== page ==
I’m a Mormon. Wait, what’s a Mormon?

Today marks the one-year anniversary of my baptism. On that day I had chosen to become a member of The Church of Jesus Christ of Latter-day Saints. Members of this Church are typically referred to as Mormons by non-members. It’s kind of funny that I am a churchgoer; just a few years ago I was agnostic. I would be fine watching shows on The History Channel about various religions, but I did not want to hear anything about anyone’s church. There were some personal reasons that lead me to question the existence of any type of god, and I just did not want to even entertain the possibility.

Almost four years ago I met with the missionaries for the first time. The Church encourages young men and ladies to spend 24 months (men) or 18 months (ladies) serving those in distant lands. Elder Likes and Elder Adams had begun to come to my home to share their lessons. After a long journey, learning a totally different way of being, I was ready to make sacred covenants with my Father in Heaven. Through the final lessons from Sister Madsen and Sister Sanders, I was ready to be baptized.

Jimmy's Baptism

So many things in my life have changed over the past years. Going forward I would no longer drink alcohol, coffee, or tea. Doing business or work on Sundays is strongly discouraged; the mind should be focused on rest and service to others. Any sexual activity outside the bounds of marriage is forbidden. One of every ten dollars earned is to be donated to the Church to cover the cost of operations, creating / maintaining Church buildings, and furthering the Church’s worldwide welfare / relief efforts. One of the first things learned by investigators is that this is not a church you go to just on Christmas and Easter. Participation does not end after one hour of mass / service each Sunday; it begins with a three-hour block of the service and classes. Eventually positions of responsibility are added to the time spent as a member. Then there are other activities that happen each month. This is truly a new way of living!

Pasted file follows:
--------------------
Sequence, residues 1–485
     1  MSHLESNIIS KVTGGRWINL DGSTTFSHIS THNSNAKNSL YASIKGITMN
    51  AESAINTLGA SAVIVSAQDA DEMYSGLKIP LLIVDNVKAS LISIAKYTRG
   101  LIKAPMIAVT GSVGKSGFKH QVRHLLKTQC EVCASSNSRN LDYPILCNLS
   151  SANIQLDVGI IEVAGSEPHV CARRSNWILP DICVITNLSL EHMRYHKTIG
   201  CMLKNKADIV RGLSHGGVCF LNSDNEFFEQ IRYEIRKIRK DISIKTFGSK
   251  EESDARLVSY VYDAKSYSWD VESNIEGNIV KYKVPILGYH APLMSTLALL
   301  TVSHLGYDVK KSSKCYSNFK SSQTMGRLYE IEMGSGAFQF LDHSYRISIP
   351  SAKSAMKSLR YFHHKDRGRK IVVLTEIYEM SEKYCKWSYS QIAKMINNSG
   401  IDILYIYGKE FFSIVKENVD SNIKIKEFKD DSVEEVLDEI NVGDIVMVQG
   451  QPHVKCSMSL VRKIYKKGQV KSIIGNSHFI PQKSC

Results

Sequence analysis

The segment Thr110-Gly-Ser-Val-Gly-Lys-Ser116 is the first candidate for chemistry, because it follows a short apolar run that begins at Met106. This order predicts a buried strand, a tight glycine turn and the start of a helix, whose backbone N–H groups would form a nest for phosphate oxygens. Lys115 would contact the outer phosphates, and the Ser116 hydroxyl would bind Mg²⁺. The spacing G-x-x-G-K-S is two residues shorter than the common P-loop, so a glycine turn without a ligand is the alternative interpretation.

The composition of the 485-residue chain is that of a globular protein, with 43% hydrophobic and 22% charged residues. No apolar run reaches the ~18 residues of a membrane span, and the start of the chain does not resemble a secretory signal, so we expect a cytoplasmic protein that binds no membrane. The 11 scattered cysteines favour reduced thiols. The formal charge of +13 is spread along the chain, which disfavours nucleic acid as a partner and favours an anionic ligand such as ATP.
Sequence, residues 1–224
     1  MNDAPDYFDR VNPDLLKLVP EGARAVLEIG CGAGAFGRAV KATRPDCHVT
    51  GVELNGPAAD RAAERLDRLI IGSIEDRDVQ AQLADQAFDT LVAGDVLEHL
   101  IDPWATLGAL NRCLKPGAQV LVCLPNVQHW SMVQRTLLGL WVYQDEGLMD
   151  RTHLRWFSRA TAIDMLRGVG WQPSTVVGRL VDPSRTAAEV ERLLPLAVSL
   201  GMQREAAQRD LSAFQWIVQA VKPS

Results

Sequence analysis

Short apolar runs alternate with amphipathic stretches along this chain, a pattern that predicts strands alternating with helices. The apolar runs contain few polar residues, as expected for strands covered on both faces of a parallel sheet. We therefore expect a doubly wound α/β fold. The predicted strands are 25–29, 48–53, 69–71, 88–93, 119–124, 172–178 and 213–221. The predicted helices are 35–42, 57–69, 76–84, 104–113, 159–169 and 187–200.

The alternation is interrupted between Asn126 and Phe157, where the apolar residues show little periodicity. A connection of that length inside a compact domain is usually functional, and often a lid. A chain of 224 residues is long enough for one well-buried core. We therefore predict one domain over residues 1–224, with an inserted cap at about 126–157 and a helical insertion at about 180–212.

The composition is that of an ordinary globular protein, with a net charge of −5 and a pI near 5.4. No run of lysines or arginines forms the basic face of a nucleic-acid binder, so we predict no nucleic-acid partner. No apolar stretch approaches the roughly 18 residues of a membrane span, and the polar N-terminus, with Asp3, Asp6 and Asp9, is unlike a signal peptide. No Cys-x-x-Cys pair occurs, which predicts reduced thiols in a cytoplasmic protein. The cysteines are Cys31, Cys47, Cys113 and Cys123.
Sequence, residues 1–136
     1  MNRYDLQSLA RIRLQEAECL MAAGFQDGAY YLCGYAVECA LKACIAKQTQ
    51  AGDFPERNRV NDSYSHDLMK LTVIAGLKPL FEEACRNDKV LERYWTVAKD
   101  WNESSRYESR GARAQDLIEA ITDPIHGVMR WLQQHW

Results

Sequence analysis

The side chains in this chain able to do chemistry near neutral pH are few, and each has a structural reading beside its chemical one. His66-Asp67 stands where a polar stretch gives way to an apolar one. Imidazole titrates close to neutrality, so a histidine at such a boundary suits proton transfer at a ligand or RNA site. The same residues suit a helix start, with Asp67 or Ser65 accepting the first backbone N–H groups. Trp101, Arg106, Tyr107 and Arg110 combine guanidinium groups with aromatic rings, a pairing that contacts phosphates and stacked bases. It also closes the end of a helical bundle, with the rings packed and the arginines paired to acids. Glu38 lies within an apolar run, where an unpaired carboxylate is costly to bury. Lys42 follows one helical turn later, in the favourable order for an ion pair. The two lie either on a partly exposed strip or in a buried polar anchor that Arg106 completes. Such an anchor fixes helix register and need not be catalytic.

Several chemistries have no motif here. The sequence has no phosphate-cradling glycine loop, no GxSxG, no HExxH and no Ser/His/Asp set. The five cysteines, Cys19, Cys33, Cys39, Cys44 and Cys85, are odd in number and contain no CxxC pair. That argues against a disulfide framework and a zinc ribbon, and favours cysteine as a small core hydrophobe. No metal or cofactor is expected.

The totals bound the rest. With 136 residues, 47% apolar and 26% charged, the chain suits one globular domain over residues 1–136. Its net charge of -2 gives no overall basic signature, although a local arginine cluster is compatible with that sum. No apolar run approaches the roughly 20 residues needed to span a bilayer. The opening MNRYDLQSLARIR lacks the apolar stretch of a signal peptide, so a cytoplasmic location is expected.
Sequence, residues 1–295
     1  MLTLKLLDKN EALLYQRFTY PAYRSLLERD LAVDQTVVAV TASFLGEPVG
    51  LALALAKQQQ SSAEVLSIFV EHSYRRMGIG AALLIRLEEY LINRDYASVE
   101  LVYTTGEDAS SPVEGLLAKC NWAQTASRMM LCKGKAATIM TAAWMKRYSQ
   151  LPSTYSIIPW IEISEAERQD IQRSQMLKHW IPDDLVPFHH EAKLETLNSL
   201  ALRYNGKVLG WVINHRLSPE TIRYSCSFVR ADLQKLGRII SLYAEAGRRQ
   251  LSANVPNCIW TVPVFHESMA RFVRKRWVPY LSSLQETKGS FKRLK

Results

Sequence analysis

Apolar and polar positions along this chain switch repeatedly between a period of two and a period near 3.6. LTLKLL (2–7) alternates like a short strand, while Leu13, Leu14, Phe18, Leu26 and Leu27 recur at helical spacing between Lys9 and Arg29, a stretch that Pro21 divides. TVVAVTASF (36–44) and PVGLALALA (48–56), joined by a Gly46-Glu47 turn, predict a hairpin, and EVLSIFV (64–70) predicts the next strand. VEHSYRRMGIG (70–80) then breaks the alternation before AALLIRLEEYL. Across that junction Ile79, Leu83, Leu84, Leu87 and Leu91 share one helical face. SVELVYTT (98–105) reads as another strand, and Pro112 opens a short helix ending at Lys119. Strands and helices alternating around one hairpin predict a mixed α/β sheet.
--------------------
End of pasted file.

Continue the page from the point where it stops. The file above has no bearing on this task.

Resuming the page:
I would like to pause to mention that I had envisioned this post to be some brief explanations to non-members what my Church is all about. It sounds like there is no easy way of doing this; there is just way too much to cover! Either I will miss a whole bunch of important stuff, or this will turn into a novel. This will just be the first post that will later be followed up upon.

One thing that would have been hard for me would have been giving up alcohol. Although the last time I got drunk was in January, 2007, I still loved beer. I did not want to have to give this up. Then in February, 2012 I came across Brene Brown’s TED Talk on Vulnerability. When I got to the 15-minute mark, she described numbing. That reminded me how even the slightest buzz I got from drinking beer changed the way my mind works. I cannot be as quick and witty as I am when I am sober. When challenging events occur, I don’t want to cheat and take the “easy” way out. In the end, numbing simply prolongs the pain. I have not had any alcohol in over two years, and I could not imagine my life with it again.